For many Scots, the fact that this amount is far from paltry is a significant indicator of the extent of poverty and low wages prevalent in Scotland under the current set-up. Far from being puzzled, Labour – in power at Westminster for 13 of the last 16 years, in control at Holyrood for 8 of the 14 years of its existence and ruling in cities like Glasgow, with some of Scotland’s poorest communities, for all 17 of the unitary authority’s years of being – both as a party and across its membership, should be thoroughly ashamed.
Taken together, this breadcrumb trail of ideas, arguments, policy, attitude and approach, speaks volumes. At no point since 2007 when a vote on independence became more of a possibility than a pipe-dream has Labour deployed more than a knee-jerk reaction to the prospect of independence for Scotland.
At no point has the party examined its soul to determine whether independence might be a good thing for Scots and indeed, everyone in the UK. At no point has the party explored its historic roots and values to determine whether independence – as a means to an end, rather than an end in itself – might represent a modern, desirable extension of its commitment to home rule. And at no point has Labour paused to consider whether independence and the fresh start it represents for Scotland might be the best way to fulfil much vaunted values of equality, equity and social justice.
No, what Labour has done, and continues to do, is to treat devolution as its own policy play thing. The fact that politicians like Margaret Curran still proclaim that Labour delivered devolution (ignoring the important role the Scottish people played themselves) reaffirms this. Which is a controlling mindset if ever there was one.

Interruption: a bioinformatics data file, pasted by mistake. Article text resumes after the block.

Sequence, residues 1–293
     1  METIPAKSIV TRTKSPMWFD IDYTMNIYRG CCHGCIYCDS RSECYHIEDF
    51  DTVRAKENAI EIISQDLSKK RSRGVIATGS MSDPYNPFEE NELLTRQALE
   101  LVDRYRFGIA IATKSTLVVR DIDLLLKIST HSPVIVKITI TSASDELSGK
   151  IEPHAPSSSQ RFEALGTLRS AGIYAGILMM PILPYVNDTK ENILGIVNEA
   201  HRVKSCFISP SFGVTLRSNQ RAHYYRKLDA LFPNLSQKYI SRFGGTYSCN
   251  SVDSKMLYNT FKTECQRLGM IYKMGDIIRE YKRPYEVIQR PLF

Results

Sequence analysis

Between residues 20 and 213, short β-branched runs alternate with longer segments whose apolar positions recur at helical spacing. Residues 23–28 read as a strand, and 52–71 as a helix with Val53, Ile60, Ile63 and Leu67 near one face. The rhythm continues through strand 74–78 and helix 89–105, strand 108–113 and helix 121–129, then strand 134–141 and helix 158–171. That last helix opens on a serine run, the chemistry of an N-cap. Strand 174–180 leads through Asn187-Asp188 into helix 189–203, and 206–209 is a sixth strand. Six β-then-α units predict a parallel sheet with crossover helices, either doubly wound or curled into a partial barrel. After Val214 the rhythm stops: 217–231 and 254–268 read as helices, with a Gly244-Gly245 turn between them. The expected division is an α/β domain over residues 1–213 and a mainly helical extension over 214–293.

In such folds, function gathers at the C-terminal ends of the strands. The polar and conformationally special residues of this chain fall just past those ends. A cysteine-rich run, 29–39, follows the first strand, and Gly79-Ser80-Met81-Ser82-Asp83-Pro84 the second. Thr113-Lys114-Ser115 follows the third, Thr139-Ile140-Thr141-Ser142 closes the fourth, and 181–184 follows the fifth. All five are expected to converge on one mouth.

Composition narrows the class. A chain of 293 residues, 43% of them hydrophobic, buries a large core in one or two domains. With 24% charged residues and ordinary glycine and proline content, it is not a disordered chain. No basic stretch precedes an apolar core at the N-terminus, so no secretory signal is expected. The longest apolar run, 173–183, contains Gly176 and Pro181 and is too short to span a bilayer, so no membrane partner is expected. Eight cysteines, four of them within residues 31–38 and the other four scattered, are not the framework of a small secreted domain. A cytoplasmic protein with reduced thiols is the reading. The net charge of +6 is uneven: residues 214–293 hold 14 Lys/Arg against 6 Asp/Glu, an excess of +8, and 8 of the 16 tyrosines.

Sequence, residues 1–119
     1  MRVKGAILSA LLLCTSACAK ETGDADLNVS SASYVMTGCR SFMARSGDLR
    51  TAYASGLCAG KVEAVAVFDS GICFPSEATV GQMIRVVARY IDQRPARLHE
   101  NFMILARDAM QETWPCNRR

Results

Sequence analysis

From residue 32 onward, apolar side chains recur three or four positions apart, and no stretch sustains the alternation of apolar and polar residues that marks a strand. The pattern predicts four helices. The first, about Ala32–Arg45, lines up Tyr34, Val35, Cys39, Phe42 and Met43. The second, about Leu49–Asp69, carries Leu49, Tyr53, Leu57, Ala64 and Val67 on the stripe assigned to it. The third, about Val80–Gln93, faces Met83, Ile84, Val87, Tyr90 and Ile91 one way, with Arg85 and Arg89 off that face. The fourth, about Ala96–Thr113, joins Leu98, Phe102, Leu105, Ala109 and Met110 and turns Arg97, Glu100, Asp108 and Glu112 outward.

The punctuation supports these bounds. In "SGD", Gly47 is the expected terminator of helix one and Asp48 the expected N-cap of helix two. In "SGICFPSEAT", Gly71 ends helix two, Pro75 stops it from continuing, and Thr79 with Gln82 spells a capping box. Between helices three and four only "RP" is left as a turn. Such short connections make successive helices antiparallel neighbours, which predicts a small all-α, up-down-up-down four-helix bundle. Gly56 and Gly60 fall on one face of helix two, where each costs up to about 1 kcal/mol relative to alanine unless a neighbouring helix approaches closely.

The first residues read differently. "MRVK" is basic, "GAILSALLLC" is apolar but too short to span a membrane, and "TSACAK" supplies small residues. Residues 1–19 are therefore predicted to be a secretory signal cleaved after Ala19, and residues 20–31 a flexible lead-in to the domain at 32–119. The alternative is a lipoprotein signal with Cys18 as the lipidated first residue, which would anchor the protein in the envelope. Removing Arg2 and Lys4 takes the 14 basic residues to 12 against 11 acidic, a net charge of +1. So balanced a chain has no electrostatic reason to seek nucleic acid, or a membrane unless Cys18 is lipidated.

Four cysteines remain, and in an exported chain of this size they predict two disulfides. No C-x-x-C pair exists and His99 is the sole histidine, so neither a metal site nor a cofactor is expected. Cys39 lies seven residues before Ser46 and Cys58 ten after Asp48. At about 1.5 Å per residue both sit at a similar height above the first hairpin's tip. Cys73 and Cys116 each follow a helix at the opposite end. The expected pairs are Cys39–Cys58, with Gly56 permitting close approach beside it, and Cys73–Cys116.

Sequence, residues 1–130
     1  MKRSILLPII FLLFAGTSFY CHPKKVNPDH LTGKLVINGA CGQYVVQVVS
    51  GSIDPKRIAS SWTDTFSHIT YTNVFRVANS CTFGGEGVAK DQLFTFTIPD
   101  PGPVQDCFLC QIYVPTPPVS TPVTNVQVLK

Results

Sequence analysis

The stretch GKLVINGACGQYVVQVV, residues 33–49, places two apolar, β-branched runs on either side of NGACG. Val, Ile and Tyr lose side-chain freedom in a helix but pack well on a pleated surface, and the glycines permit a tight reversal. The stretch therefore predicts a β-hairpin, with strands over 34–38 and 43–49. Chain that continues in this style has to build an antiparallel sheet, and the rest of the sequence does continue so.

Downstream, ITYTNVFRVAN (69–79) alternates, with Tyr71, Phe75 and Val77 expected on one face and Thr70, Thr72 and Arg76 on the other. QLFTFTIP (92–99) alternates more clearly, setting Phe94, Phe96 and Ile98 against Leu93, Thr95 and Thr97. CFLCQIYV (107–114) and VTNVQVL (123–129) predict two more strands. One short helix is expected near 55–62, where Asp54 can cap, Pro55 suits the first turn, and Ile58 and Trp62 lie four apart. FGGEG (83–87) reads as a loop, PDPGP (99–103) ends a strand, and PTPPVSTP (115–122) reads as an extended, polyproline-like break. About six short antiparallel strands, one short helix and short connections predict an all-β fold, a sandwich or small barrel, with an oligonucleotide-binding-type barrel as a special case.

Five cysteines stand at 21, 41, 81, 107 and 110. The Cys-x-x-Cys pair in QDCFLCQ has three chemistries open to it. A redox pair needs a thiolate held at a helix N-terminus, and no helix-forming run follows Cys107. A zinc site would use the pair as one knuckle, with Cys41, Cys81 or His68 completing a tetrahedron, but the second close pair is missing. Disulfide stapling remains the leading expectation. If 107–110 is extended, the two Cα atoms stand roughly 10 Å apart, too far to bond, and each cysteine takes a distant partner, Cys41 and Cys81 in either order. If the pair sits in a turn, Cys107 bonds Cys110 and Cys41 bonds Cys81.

Indeed, Labour’s entire stance in this referendum debate has a base motivation. It is feart – terrified in fact – that independence for Scotland would mean a loss of power and control for it. At its most benign, this political attitude is patriarchal; at its worst, it is utterly selfish and self-seeking.
Think of it this way: is Labour’s concern for Scots mirrored in constituent parts of England which have for decades voted Conservative? Do they use conference speeches and media platforms to warn, cajole and frighten the people who live in such safe seats on the consequences of their voting behaviour? Or have they just written those seats off, by and large, as unforgiving and therefore, no longer important electoral territory?
The question all the undecideds and persuadables in this debate might want to consider is why Labour is adamant that independence would be bad for Scotland. Is it because it would be bad for everyone who lives here, our communities and country?
Or is the answer much more prosaic – is it that an independent Scotland is bad, because it is bad for Labour’s electoral ambitions?
The reason – the real reason – Labour want us to vote no in 2014, is so that we vote Labour in 2015.
It needs Scotland’s votes if it is to have any chance of winning that election and forming the next UK government.
So, its promises of jam tomorrow are really an election bribe and the timing of their announcement will highlight that. In wanting to bypass the Scottish Parliament in channelling more powers, the party demonstrates its contempt: devolution is not an ingrained commitment to democratic renewal and community empowerment. It paints Scotland as too wee and too poor to be economically successful to try and counter the lure of improved economic well-being. We might even be treated to a bidding war over this five hundred pounds figure in the months ahead.
Labour is making this debate on our future all about them and not about us at all. And in doing so, shows why if we want a different politics, where power is vested in the people and not the parties, then we need to vote yes.